WASHINGTON (Reuters) - Myanmar is set for economic take-off and faces an historic opportunity to launch growth that would lift living standards - if it pursues the right policy mix, the IMF said on Monday.

The former Burma, taking tentative steps towards democracy after decades of harsh military rule, has seen the publication of its annual IMF Article IV economic consultation report for the first time under its new reformist leadership.

The IMF mission chief for Myanmar, Meral Karasulu, said the Southeast Asian nation had already made progress and could see GDP growth of 5.5 percent to 6 percent over the next two years.

"There is very strong momentum. I have been working with the country since 2009 ... and I think over the last couple of years the progress is really very, very tangible."

"Myanmar could see strong growth if it pursues the necessary reforms to take advantage of its rich natural resources, young labor force, and proximity to some of the world's most dynamic economies, including China and India."

The mission chief said Myanmar had prioritized the reform of its complex exchange rate system with many restrictions that gave rise to multiple exchange rates that drove up costs, discouraged foreign direct investment and caused Myanmar's currency, the kyat, to appreciate.

The central bank had introduced a managed exchange rate system in March after the Article IV team had left. Upon its launch, Myanmar's central bank set a reference exchange rate of 818 kyat per dollar, On Monday, it was quoted at 824, versus the old official rate of around 6 to the dollar.

"Myanmar plans to complete the process of exchange rate unification, including removing all exchange rate restrictions and eliminating multiple currency practices before their target date of end-2013 when the Southeast Asian Games are due to be held," she said.

Asked in a telephone news conference if that timetable was sustainable, she said: "I don't find it is necessarily unrealistic." She noted that the IMF's experience in other countries suggested that eliminating informal markets for currency exchange was a task that would typically take about one to two years.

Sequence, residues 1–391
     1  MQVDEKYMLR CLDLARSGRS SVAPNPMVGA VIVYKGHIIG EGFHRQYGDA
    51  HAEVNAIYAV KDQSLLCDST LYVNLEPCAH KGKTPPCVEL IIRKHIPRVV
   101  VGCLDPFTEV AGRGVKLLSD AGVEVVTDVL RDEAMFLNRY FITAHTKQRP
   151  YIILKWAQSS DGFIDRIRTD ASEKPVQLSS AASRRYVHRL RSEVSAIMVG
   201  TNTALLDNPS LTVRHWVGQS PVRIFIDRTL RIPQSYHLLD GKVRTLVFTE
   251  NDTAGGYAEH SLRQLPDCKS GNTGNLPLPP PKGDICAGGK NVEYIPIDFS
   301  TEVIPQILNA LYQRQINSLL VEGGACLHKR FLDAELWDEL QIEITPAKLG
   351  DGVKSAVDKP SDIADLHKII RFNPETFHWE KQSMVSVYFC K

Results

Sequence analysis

Currency reform could also not be rushed, given pent-up demand from importers for foreign exchange. Myanmar has about $9 billion in foreign currency reserves, the IMF notes, about nine months of imports.

"International reserves of the country remain quite comfortable and if anything we do expect them to get better because there are significant new natural gas projects that would increase the foreign reserves."

Most of Myanmar's foreign reserves were managed by three state-owned banks, in addition to the central bank, an unusual arrangement. She said the IMF has recommended to Myanmar that the central bank take over sole responsibility.

She voiced confidence that the reserves, once a tightly held state secret, actually existed.

"I do not see that in any way the reported numbers are not there in the banks where they are being kept," she said.

The Article IV report said unleashing Myanmar's high growth potential would require cross-cutting reforms and substantial technical assistance to modernize the financial sector with a stronger regulatory and supervisory framework.

"Currently, Myanmar's financial sector is small and repressed, with controls on financial intermediation. Modernization of the financial sector is essential to facilitate development and prepare the sector for membership of the ASEAN Economic Community," the IMF said.

It further noted that Myanmar's economic growth was narrowly based on energy and agriculture, which was hindered by poor access to credit, lack of private land ownership, and inadequate infrastructure and inputs.

"Lifting agricultural productivity will be essential for rural development and inclusive growth. The IMF believes that the planned land reform could provide an opportunity to jump- start this process of development."

Industrialization was a priority in the country's economic plan. "Despite its low wage advantage, the manufacturing sector has been stifled by poor infrastructure and know-how, low investment, and extensive administrative controls limiting private sector development," the IMF said

"Cross-cutting reforms would be needed to support private sector development. A key priority is to reduce the cost of doing business and policy ambiguity by improving transparency, and improving infrastructure," it said.

But business confidence had improved, investment was higher, credit growth was more robust and growth was being driven by commodity exports, the IMF said.

Inflation is projected at 4.2 percent in fiscal year 2011/2012, picking up to 5.8 percent the following year, but the IMF also said the current interest rate policy "appears to be appropriate in light of the economic outlook".

The IMF estimated Myanmar's GDP at just over $50 billion for a population of around 55 million. In contrast, neighboring Thailand, with a population of about 67 million, has a GDP of $348 billion.

(Reporting by Stella Dawson and Mark Bendeich; Editing by Eric Meijer)